Many of us took Bounce Back Loans (BBLs) from our banks last year. For many they were a stop-gap in hopes of more Government support to come, particularly for those that for one reason or another fell through the gaps in support. It seems evident now, that there is no other support coming, so those of us that took BBLs are ‘stuck’ with them, but it’s not all bad news, and as most of those who took a BBL will either have just started making repayments, or are soon to do so, it’s a good time to take a look at the options available.
The good news about BBLs originally:
- BBLs were over a term of 6 years, with nothing to pay for the first year.
- After that payment free year, the interest rate is fixed at 2.5%.
- The loans are 100% underwritten by the Government, so there is no personal guarantee or liability for limited companies.
On top of this, Rishi Sunak announced a while back that as businesses started to make repayments, various “Pay as you Grow” (PAYG) options would be available from all lenders. There are three options, which most lenders will let you use all of if you wish to:
- You can request an extension to 10 years (note this is from 6 years not 5, so an extension of 4 years), at the same fixed interest rate of 2.5%.
- You can reduce the monthly repayments to interest only repayments for six months – this option is available up to three times during the term of the BBL.
- You can take a repayment holiday for up to six months. This option is only available once during the term of the BBL, and will also extend the term of the loan by six months.
There remains of course the fourth option of repaying the loan early, without penalty, but at 2.5%, unless your business is cash rich, a BBL is probably the cheapest form of working capital borrowing that is out there, and probably worth hanging on to.
For larger businesses, there are also new ‘Recovery Loans’ available. For most lenders, they require a turnover of £100,000 or more, but for those that meet that criteria, these loans are available from broadly the same panel of lenders as the BBLs, but also from others including Funding Circle, EJ Finance, Fluidly and Swoop. The loans are 80% underwritten by Government, but many lenders are still enforcing their usual affordability checks and requiring personal guarantees, in the same way as they would with any other business lending. This is also not at a fixed interest rate.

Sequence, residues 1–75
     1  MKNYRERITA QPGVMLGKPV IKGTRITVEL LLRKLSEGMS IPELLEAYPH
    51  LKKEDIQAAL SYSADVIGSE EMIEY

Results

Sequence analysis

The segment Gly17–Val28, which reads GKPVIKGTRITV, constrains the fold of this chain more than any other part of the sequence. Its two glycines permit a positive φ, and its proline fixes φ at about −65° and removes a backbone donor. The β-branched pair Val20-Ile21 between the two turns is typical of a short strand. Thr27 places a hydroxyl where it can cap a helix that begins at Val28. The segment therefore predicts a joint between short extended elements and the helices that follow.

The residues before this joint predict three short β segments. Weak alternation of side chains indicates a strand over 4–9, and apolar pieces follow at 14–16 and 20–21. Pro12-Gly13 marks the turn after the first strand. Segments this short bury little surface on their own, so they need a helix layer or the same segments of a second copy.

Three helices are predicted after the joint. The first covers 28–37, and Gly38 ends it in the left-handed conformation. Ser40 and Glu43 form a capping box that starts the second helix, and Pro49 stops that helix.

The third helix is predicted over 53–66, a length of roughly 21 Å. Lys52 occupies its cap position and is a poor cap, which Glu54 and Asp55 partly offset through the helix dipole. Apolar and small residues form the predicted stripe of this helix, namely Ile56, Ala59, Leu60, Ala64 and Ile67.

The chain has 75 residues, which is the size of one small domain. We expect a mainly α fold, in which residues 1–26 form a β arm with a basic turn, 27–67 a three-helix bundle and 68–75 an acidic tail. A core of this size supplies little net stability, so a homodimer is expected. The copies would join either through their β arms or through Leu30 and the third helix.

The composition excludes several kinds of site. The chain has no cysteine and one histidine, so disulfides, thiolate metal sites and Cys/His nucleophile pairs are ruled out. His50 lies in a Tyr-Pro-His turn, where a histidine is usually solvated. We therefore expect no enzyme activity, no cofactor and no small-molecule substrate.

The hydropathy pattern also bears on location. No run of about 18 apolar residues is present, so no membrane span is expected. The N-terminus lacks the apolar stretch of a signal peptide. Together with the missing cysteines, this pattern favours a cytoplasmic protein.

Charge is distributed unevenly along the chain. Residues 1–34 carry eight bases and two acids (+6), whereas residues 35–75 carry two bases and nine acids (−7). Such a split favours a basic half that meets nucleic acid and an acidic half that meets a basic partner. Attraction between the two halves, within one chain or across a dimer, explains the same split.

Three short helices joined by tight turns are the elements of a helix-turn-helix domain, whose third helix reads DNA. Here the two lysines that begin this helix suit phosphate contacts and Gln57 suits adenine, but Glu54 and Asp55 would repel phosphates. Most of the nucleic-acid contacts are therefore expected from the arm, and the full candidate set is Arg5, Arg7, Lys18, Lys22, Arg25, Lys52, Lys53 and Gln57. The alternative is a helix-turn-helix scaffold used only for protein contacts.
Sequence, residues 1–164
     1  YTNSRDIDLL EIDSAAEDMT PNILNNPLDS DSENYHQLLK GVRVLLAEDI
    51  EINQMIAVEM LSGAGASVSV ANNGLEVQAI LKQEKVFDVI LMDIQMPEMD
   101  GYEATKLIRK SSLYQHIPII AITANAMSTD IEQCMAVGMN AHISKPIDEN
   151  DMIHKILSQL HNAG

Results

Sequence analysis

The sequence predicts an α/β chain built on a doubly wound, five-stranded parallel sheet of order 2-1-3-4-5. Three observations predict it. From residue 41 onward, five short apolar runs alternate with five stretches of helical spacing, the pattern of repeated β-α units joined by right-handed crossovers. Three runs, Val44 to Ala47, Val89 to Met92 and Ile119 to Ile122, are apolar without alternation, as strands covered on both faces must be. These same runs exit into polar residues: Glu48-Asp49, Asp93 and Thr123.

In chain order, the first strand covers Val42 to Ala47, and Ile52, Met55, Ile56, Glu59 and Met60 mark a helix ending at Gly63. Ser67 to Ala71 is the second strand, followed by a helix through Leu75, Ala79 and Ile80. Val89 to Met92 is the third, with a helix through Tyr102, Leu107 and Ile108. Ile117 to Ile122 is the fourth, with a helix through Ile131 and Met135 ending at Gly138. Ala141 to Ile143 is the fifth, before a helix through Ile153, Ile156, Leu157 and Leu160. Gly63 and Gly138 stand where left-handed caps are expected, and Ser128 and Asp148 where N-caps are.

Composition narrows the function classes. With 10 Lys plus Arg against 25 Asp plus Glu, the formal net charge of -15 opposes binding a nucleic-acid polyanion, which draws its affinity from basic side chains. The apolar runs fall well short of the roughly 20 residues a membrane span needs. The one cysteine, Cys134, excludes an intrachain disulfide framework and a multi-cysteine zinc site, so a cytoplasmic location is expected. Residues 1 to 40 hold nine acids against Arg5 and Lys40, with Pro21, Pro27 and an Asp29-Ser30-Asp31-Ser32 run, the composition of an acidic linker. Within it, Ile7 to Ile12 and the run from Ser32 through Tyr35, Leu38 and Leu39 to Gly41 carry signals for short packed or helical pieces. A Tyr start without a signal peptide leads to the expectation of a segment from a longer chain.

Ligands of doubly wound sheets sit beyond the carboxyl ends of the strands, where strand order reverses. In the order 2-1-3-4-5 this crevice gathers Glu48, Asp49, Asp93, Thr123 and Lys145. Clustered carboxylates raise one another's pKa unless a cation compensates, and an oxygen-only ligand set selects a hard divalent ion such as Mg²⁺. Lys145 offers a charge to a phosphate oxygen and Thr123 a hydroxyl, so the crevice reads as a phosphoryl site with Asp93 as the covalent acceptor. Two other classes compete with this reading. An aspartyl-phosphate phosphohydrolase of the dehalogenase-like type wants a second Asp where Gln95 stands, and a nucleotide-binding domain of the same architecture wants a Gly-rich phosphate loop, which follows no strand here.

The term of loans under this scheme is capped at six years, the same as a BBL, but shorter than extended BBLs. For term loans or overdraft facilities, the minimum facility is £25,001 (hence the £100,000 turnover requirement), but there is also an option for invoice or asset finance from £1,000. For overdrafts and invoice finance facilities, the maximum term under the scheme is three years. For term loans and asset finance facilities, the maximum term is six years.
To summarise then:
- Bounce Back Loans are worth keeping unless your business is cash rich, and you are confident it will remain so for the next several years.
- The “Pay as you Grow” options are there if things are stickier for you, but all of them increase the amount of interest you will pay overall.
- The Recovery Loans are probably not worth taking, unless you would be looking to take on debt finance anyway, and are certainly not worth taking to pay off a BBL, although many lenders are trying to recommend this as a refinancing option, the interest rate is higher, a personal guarantee is required, and the maximum term of the loan is shorter.
As always please contact us if you would like to discuss your specific circumstances and the pros and cons of any action you may be considering.